Over on the Neogaf forums one of their members has dug up a couple of interesting sessions from the next Games Developer's Conference (GDC) taking place in a couple of weeks in sunny San Francisco. Both of which are talking about bringing Microsoft's DirectX API a lot closer to the metal.
That means giving developers much more open access to the actual hardware that's available inside modern PCs, without hiding it behind layers and layers of performance-sapping software code.
If that sounds familiar it's because that's exactly what AMD have been trying to do - relatively successfully by what I've seen in the StarSwarm demo and high-end Battlefield 4 benchmarks.
The first, DirectX: Direct3D Futures , Microsoft is set to discuss “future improvements in Direct3D that will allow developers an unprecedented level of hardware control and reduced CPU rendering overhead across a broad ecosystem of hardware.”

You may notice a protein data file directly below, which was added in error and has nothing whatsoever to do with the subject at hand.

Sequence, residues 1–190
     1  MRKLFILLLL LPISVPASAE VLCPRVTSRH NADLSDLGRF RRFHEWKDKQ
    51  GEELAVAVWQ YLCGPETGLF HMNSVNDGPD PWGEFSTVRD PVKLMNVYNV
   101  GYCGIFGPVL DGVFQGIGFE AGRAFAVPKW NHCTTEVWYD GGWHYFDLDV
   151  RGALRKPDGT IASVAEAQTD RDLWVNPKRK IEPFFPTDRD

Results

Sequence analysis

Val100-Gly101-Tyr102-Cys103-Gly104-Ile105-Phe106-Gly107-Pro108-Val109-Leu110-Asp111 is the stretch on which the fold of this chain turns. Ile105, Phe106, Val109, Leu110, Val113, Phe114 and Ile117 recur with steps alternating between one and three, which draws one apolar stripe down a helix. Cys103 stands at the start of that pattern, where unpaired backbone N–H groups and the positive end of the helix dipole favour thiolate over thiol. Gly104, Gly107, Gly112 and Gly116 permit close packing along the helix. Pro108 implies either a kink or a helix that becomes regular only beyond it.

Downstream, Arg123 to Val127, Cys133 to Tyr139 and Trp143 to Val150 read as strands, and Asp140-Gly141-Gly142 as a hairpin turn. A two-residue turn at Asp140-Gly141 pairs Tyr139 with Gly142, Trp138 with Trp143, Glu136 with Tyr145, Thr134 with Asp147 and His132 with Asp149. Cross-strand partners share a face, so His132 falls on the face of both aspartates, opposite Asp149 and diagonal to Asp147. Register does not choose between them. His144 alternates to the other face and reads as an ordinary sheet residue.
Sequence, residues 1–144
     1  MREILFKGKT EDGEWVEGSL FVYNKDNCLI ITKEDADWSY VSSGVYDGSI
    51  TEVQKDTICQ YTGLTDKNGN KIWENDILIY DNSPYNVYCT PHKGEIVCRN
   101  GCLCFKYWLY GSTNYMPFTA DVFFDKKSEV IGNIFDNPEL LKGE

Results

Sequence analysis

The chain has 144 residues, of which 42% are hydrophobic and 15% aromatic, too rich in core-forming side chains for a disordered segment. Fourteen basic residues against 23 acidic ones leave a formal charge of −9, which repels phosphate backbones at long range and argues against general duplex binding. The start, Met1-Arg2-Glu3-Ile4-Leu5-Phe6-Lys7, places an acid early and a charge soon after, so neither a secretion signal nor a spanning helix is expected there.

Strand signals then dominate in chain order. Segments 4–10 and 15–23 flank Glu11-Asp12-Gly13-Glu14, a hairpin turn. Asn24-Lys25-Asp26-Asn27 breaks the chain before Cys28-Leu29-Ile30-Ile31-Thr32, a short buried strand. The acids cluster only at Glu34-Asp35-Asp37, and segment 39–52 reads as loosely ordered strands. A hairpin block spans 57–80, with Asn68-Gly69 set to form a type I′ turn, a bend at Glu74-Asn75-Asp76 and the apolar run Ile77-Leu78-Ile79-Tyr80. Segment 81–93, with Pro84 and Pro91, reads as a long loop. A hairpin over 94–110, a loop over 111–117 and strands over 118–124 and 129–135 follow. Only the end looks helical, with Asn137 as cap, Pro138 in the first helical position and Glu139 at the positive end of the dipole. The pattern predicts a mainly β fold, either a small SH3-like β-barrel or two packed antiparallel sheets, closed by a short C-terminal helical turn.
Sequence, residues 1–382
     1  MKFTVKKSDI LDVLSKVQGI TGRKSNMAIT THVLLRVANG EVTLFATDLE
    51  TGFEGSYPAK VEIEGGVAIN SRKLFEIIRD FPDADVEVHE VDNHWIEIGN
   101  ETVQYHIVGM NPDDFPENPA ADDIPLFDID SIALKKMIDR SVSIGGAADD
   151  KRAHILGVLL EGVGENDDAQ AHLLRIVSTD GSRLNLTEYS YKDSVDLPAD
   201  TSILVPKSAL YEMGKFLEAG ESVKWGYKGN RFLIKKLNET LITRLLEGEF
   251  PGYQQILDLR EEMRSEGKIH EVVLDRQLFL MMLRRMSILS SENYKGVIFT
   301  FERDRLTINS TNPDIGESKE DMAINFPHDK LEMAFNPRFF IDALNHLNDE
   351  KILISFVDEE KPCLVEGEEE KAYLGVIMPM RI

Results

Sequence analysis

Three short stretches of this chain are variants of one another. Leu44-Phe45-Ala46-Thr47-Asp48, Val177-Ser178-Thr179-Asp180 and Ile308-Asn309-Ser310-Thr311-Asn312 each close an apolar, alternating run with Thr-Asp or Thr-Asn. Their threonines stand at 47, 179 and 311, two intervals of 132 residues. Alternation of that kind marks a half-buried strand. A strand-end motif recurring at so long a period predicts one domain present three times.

The second, DirectX: Evolving Microsoft's Graphics Platform , is talking directly about what developers have requested from them. “You asked us to bring you even closer to the metal and to do so on an unparalleled assortment of hardware. You also asked us for better tools so that you can squeeze every last drop of performance out of your PC, tablet, phone and console. Come learn our plans to deliver.”
This isn't something that's going to phase AMD, however, much as it might sound like Microsoft is simply jumping their train. When I spoke to AMD execs out at CES in January they were talking then about their hopes for Microsoft taking on board what AMD had learned from developers and creating new standards because of it.
AMD's Senior Product Marketing Manager, Adam Kozak, was sure there were places that Microsoft could take DirectX to bring it closer to the metal. “There are some legacy things that potentially could be fixed,” says Kozak. “And I think that Microsoft are interested in changing it.”
I also asked Neil Robison, a senior director at AMD, about what he hoped would come from their work with Mantle. ”Will this make Microsoft to make more changes and enhance DirectX?” he replied. “I don't know. I hope so. You could look at working together with Microsoft to make enhancements to DirectX. We believe in industry standards and this is something, as we introduce it, we'd really like to see it become an industry standard.”
That looks kinda like what could be happening.